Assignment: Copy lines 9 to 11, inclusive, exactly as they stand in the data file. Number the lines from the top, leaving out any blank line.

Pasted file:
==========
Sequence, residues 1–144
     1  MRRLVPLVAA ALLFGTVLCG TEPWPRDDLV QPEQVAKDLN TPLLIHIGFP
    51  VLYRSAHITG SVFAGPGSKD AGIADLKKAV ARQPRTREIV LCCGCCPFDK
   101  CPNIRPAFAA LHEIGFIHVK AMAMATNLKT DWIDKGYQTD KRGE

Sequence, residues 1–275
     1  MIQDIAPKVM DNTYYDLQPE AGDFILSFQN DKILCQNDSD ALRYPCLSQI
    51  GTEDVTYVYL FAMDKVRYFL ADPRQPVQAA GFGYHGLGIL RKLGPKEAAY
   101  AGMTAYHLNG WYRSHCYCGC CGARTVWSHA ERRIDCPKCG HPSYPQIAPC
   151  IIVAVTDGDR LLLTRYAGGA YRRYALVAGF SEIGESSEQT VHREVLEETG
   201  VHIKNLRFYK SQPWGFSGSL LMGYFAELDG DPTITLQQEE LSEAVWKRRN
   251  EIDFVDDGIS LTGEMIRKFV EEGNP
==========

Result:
   151  IIVAVTDGDR LLLTRYAGGA YRRYALVAGF SEIGESSEQT VHREVLEETG
   201  VHIKNLRFYK SQPWGFSGSL LMGYFAELDG DPTITLQQEE LSEAVWKRRN
   251  EIDFVDDGIS LTGEMIRKFV EEGNP